Buried in a piece at Mining.com about South Korea and Bolivia’s joint-venture to develop the latter nation’s significant lithium reserves – critical to lithium-ion batteries used in cell phones, laptops and electric cars – is this comment from Argentinean officials:
Argentina is promoting the idea of an OPEC-like cartel for itself, Bolivia and Chile – which together control 85% of the world’s reserves of lithium – to manage prices and limit overproduction.
According to the U.S. Geological Survey, there are 4 million tons of known lithium in the U.S., but only one U.S. company is presently involved in pulling them from of the ground.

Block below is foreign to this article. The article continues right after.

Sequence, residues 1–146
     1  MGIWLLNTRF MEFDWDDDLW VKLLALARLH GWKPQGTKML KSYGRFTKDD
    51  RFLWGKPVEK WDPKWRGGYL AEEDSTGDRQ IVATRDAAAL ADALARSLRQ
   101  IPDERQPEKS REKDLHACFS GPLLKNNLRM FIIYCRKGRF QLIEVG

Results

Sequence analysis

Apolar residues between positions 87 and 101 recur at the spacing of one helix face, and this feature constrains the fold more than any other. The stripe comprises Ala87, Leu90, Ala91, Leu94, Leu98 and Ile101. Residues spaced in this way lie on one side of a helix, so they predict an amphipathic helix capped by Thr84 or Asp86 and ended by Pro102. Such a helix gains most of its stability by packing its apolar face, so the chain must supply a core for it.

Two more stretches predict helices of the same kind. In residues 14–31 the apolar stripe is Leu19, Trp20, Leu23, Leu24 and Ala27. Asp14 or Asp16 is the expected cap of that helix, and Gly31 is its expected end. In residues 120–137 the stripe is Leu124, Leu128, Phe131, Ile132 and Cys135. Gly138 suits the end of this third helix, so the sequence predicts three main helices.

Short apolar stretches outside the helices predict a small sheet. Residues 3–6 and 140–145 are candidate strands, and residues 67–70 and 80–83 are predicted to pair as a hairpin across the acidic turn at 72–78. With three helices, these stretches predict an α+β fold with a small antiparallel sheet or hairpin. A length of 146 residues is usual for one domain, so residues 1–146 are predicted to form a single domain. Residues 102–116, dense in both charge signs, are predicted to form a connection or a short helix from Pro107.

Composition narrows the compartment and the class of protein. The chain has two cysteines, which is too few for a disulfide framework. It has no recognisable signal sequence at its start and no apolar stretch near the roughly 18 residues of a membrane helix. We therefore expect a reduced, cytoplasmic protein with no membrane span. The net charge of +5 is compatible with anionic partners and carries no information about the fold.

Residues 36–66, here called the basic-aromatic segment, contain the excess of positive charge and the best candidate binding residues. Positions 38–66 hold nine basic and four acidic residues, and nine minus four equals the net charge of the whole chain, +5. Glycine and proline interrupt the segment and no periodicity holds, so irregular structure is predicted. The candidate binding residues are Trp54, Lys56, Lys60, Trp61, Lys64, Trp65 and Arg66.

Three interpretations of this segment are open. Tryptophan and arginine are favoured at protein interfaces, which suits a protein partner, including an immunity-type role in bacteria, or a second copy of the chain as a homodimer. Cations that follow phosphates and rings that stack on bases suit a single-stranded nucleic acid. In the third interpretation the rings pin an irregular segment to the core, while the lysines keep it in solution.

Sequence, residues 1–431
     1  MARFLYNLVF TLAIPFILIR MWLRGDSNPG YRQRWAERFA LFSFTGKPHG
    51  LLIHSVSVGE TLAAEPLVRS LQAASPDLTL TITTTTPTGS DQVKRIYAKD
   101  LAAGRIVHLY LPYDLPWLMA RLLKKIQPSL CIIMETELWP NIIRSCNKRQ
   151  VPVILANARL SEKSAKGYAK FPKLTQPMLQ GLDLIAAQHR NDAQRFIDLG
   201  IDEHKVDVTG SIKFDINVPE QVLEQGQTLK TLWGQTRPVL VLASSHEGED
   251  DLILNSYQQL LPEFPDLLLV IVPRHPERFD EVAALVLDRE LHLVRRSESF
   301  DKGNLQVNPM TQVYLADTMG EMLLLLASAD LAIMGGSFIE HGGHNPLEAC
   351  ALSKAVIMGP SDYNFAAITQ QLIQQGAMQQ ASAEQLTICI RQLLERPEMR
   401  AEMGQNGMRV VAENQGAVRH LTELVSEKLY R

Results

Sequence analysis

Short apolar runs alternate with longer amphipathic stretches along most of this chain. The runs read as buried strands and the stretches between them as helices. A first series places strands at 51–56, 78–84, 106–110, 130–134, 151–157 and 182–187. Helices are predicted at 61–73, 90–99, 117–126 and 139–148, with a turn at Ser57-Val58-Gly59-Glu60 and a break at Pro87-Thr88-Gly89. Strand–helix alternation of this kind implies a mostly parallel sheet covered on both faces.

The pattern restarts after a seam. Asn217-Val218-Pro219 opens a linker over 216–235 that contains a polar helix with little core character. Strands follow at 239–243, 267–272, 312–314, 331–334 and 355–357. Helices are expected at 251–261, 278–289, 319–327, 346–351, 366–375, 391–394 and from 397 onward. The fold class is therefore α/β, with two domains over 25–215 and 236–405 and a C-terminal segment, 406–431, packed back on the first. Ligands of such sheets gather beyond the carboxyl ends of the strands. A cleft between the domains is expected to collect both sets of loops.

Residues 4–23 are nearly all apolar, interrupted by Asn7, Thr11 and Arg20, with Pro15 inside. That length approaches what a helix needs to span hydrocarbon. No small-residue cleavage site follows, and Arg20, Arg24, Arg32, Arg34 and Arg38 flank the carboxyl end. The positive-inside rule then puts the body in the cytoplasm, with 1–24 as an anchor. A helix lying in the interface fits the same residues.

Currently, 120,000 tons of lithium are extracted worldwide. As Mining.com notes:
If electric cars achieve a 5% penetration rate by 2020, an additional 60,000 tons of lithium will be needed to fill the demand.
That’s a 50 percent increase in supply. We’ve seen how the real OPEC affects petroleum-based transportation. Will we really want to substitute a “lithium OPEC” for the electric-car era?